Monitor the health of your community here

When Do Girls Stop Growing in Height?

Growing, Growing, Done: Girls and Height

Will she continue to be your little girl forever, or will she eventually tower over you? And just how many more times will you have to replace her jeans with longer pairs? Most girls reach adult height by the age of 15. But, like with all things involving the human body, some variation is normal. Your daughter may shoot up to 5'8" at 12 and stay there forever, or she may keep growing until she's ready for college. As long as her doctor isn't concerned about her height, neither should you be.

Normal Height for Girls

Most girls reach their full adult height around the age of 14 or 15, but girls who start puberty later than average may continue growing into their later teens. It's normal for a girl to have a growth spurt a few years before she reaches her adult height. You may notice your daughter seems to shoot up in height when she's around 12 or 13, or around the time that she starts menstruating.

In the U.S., the average height for women is 63.7 inches, or about 5 feet 4 inches. No accurate worldwide height average exists because not all countries can provide reliable data. There is enough data to know which countries have the tallest women, on average. Genetics plays a significant role in determining height, so if your daughter's ancestors hailed primarily from Latvia, the Netherlands, Estonia or one of the other countries on the list of tallest countries (they're primarily Eastern European), she may end up with greater-than-average height.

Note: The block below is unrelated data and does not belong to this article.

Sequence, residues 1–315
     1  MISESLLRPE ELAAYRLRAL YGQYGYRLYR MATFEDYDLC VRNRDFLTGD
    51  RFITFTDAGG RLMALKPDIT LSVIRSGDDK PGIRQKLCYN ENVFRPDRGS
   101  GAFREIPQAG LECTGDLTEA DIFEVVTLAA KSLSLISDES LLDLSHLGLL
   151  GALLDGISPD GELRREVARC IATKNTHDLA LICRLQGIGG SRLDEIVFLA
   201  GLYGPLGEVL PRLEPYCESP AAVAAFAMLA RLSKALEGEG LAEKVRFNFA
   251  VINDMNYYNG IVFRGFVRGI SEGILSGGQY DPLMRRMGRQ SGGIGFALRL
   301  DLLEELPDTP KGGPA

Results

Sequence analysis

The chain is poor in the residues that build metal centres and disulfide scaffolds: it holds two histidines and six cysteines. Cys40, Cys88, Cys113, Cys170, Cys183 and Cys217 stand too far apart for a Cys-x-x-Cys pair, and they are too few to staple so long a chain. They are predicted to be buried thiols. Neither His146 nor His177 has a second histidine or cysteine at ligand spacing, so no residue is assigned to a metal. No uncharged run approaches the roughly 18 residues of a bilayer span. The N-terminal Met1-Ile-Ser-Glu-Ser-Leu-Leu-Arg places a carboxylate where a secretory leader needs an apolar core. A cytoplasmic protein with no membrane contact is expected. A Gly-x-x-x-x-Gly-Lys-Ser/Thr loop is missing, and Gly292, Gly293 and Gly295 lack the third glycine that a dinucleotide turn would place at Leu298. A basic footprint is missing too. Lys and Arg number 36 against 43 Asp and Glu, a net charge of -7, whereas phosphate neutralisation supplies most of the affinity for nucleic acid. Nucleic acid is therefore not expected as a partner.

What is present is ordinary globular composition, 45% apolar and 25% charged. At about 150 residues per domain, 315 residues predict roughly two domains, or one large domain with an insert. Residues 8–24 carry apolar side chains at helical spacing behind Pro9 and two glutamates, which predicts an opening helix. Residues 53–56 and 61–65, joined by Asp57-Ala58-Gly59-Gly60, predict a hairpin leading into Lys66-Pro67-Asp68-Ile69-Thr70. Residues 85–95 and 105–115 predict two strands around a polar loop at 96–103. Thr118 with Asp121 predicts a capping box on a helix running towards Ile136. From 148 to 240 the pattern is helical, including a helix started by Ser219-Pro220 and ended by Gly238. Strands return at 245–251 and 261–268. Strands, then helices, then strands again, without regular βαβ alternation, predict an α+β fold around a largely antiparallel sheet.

Estimating Height

When Do Boys Stop Growing?

Learn More

If you're picturing her wedding pictures but she's still in diapers, you're in luck. You don't have to wait for your daughter to reach her full height in order to roughly estimate what that number will be. There are two popular and somewhat accurate methods for predicting a child's adult height.

The simpler method requires you to measure her standing height when she's 18 months old. Double that number to get a rough estimate of her adult height. (To estimate a boy's growth, double his height at 2 years old.) The other option is to measure the heights of a girl's parents. Add those heights together, divide them by two and subtract 2 1/2 inches from that number.

These methods aren't scientific and won't prove accurate in all cases because a child's adult height is determined by many factors. Her nutrition and any medical conditions she develops or medications she takes can play a role.

Causes for Concern

As long as your daughter sees her pediatrician at least once a year, you shouldn't worry too much about monitoring her height at home. Her doctor should plot her growth on a chart so he can evaluate her development year-to-year and determine whether she's falling too far behind her peers.

But if you're worried about her growth, you can tell a lot about how healthy she is just by watching her development. A girl who's growing normally should start puberty by the age of around 13. A girl who has started puberty will usually develop curves at the breasts and hips, start menstruating and develop occasional acne. Some perfectly healthy girls start puberty later, but mention your concerns to the pediatrician if your daughter hasn't undergone any physical changes by the age of 14 or so.